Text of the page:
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Hoffmann, R. A wiki for the life sciences where authorship matters. Nature Genetics (2008)

Roles of base excision repair enzymes Nth1p and Apn2p from Schizosaccharomyces pombe in processing alkylation and oxidative DNA damage.

Schizosaccharomyces pombe Nthpl, an ortholog of the endonuclease III family, is the sole bifunctional DNA glycosylase encoded in its genome. The enzyme removes oxidative pyrimidine and incises 3' to the apurinic/apyrimidinic (AP) site, leaving 3'-alpha,beta-unsaturated aldehyde. Analysis of nth1 cDNA revealed an intronless structure including 5'- and 3'-untranslated regions. An Nth1p-green fluorescent fusion protein was predominantly localized in the nuclei of yeast cells, indicating a nuclear function. Deletion of nth1 confirmed that Nth1p is responsible for the majority of activity for thymine glycol and AP site incision in the absence of metal ions, while nth1 mutants exhibit hypersensitivity to methylmethanesulfonate (MMS). Complementation of sensitivity by heterologous expression of various DNA glycosylases showed that the methyl-formamidopyrimidine (me-fapy) and/or AP sites are plausible substrates for Nth1p in repairing MMS damage. Apn2p, the major AP endonuclease in S. pombe, also greatly contributes to the repair of MMS damage. Deletion of nth1 from an apn2 mutant resulted in tolerance to MMS damage, indicating that Nth1p- induced 3'- blocks are responsible for MMS sensitivity in apn2 mutants. Overexpression of Apn2p in nth1 mutants failed to suppress MMS sensitivity. These results indicate that Nth1p, not Apn2p, primarily incises AP sites and that the resultant 3'-blocks are removed by the 3'-phosphodiesterase activity of Apn2p. Nth1p is dispensable for cell survival against low levels of oxidative stress, but wild-type yeast became more sensitive than the nth1 mutant at high levels. Overexpression of Nth1p in heavily damaged cells probably induced cell death via the formation of 3'-blocked single-strand breaks.[1]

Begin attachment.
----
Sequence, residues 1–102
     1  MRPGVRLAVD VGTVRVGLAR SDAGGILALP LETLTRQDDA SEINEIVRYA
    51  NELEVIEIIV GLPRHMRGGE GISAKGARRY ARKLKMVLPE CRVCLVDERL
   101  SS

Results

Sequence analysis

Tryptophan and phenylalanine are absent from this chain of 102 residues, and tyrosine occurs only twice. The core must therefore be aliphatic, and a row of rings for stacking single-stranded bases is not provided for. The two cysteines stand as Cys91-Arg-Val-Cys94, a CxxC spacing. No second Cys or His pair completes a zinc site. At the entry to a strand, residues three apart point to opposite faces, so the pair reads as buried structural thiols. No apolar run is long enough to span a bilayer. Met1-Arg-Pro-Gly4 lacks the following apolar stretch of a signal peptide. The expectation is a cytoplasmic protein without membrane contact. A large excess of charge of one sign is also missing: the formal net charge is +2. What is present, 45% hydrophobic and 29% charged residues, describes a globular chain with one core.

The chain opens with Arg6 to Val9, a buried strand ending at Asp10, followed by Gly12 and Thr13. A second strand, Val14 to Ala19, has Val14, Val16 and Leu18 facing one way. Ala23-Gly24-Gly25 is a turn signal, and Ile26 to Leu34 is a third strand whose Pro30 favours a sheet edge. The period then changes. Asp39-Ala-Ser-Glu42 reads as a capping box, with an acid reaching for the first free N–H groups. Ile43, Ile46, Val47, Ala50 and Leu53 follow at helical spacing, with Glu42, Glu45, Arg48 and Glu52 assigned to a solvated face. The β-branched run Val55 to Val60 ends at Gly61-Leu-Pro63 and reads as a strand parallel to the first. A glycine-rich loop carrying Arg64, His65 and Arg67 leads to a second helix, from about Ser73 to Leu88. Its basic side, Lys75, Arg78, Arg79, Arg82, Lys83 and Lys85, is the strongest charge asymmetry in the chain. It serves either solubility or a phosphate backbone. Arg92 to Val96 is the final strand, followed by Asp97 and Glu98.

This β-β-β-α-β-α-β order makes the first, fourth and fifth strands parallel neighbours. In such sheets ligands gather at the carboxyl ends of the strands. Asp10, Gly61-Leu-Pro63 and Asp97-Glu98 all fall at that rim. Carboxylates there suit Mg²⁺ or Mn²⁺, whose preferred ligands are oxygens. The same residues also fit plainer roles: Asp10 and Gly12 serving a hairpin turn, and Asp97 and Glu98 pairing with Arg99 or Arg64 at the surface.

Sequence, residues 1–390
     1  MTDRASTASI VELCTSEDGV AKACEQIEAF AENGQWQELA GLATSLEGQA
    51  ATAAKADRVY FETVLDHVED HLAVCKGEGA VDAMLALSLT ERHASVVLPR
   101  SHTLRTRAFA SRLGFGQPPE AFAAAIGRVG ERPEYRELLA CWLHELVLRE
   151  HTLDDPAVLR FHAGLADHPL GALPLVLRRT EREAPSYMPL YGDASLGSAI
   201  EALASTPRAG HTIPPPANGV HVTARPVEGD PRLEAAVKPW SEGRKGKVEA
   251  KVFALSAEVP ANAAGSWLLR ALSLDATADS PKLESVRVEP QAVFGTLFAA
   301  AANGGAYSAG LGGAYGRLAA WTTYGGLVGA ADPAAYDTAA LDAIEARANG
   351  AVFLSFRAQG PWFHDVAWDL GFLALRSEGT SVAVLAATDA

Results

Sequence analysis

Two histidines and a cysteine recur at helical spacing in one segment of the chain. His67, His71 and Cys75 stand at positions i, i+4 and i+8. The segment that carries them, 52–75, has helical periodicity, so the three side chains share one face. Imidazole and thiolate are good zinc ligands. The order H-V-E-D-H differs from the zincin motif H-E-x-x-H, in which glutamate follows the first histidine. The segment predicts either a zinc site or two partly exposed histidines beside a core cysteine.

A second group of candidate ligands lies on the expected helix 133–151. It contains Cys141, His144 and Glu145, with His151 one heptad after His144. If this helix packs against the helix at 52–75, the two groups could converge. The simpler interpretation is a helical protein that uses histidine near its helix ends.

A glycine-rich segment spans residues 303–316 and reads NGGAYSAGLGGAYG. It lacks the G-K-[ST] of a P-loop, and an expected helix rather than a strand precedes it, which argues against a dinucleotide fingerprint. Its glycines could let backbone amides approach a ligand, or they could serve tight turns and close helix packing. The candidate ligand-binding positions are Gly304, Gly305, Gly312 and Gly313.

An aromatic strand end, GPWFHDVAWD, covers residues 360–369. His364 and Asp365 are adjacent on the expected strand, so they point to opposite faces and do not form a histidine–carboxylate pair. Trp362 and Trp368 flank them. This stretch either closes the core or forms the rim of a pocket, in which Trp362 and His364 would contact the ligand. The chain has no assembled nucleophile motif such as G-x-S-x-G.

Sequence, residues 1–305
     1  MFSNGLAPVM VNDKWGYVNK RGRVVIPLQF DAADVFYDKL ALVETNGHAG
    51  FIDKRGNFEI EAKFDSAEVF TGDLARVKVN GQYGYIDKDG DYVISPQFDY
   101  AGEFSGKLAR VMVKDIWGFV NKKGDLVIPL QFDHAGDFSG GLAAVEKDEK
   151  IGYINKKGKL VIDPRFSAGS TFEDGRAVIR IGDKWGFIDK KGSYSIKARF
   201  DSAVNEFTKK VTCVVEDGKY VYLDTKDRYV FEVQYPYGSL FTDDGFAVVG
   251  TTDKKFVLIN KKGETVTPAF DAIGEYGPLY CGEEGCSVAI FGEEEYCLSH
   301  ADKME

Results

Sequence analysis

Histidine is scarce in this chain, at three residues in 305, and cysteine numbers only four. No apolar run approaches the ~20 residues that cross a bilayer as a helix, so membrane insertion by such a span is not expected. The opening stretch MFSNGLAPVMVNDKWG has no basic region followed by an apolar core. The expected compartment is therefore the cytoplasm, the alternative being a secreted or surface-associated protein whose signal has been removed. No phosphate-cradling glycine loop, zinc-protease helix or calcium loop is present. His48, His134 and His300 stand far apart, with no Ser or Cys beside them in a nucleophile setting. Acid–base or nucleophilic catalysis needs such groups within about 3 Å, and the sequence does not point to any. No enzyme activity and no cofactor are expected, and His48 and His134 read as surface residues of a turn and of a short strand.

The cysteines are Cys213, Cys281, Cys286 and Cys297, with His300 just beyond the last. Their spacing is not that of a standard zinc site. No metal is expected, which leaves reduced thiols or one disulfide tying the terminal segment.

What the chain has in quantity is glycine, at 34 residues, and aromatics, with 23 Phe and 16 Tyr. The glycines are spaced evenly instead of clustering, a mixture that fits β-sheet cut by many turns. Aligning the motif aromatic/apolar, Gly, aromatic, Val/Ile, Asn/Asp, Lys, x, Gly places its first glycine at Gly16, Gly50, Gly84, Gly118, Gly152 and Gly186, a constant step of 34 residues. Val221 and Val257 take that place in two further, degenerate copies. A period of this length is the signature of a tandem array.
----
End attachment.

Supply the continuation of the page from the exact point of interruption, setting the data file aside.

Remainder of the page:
1. Roles of base excision repair enzymes Nth1p and Apn2p from Schizosaccharomyces pombe in processing alkylation and oxidative DNA damage. Sugimoto, T., Igawa, E., Tanihigashi, H., Matsubara, M., Ide, H., Ikeda, S. DNA Repair (Amst.) (2005) [Pubmed]
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